Besides Jack the Ripper, probably one of the most popular criminal cases during the nineteenth century was the murder of Maria Marten in Suffolk. According to the story, Marten had agreed to elope with whom she believed was the love of her life. They had had a child in secret that passed away, but the wedding plans continued. The groom, a sly fraudster called William Corder pressured her to elope, claiming that she was going to be prosecuted for giving birth to a bastard child, told her to dress in man’s clothes to avoid any suspicion. They met at the famous Red Barn in Suffolk, where he shot her in the face and buried the body. For some time, he wrote to the family in her name to not raise suspicions, but as the legend goes, Marten appeared in her stepmother’s dreams telling her where she was. After discovering the body, Corder was caught and sentenced to be hanged and his body dissected for scientific purposes. This story was so popular at the time that plays and ballads were written. Even more than a century later, the story kept inspiring composers like Tom Waits. In 1992 he released his song “Murder in the Red Barn,” where he took some elements of the case and reimagined them in a fictional scenario in the South of the US.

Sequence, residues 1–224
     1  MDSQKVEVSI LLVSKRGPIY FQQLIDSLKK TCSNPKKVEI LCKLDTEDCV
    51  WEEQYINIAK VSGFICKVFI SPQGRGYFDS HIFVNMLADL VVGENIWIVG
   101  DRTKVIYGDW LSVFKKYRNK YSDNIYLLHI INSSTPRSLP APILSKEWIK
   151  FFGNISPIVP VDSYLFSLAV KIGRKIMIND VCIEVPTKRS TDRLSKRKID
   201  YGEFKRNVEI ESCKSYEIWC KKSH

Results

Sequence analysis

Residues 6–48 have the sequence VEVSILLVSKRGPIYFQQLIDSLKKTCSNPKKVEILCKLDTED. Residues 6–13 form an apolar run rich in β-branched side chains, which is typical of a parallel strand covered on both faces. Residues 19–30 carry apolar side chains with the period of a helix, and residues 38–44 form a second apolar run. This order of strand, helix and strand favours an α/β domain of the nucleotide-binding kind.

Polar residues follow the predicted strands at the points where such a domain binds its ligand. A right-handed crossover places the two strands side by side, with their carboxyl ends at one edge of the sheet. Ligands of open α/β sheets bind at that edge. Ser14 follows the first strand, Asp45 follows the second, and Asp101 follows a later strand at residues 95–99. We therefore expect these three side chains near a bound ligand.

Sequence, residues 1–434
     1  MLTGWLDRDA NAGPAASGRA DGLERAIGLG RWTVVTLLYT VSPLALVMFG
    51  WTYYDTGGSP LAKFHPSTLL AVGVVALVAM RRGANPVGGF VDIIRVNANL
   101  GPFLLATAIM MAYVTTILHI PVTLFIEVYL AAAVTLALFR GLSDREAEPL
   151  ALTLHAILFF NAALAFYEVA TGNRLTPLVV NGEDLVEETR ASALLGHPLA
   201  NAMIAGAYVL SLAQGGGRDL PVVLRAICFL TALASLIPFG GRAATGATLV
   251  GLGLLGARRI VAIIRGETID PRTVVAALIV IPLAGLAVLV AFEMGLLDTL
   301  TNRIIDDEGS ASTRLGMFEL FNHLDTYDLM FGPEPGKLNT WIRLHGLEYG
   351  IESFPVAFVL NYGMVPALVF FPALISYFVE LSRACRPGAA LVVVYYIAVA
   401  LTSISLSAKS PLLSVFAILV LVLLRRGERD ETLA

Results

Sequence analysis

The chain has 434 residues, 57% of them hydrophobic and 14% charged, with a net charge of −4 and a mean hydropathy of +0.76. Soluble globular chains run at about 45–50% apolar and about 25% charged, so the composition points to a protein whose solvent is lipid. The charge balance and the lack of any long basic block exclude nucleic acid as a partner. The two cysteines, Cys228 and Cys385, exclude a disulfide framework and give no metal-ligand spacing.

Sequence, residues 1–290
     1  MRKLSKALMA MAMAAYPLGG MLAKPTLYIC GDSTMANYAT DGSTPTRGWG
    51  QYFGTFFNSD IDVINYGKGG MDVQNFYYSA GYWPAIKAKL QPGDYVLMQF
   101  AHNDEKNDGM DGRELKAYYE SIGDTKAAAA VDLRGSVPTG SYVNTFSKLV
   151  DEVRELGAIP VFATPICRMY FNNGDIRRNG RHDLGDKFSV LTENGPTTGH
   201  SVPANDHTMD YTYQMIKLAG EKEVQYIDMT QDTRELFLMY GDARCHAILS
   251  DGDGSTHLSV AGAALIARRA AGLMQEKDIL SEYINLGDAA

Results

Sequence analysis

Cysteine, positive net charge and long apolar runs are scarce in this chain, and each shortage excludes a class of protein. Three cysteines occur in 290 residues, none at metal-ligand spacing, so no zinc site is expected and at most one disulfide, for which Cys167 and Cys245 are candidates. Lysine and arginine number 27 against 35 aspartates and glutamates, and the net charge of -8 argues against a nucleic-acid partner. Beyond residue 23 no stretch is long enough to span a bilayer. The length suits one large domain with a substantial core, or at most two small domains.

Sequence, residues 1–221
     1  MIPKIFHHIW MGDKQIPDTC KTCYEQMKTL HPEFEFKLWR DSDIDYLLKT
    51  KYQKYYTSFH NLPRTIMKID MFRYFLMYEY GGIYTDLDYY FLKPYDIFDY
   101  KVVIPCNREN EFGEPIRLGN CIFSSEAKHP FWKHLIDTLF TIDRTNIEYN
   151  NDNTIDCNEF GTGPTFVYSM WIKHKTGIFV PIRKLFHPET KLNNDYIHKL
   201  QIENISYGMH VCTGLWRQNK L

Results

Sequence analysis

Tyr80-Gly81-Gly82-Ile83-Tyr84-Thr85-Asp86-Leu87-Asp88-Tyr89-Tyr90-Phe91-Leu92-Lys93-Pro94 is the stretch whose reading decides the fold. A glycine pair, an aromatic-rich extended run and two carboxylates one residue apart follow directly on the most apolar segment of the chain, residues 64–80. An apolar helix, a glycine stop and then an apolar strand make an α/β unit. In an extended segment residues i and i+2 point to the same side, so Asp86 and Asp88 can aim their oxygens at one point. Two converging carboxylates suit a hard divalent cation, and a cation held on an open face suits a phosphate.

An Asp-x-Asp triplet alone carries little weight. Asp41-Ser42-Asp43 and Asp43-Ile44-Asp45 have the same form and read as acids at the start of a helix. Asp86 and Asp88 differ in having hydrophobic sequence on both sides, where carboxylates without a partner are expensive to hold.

"Suffer Little Children" - The Smiths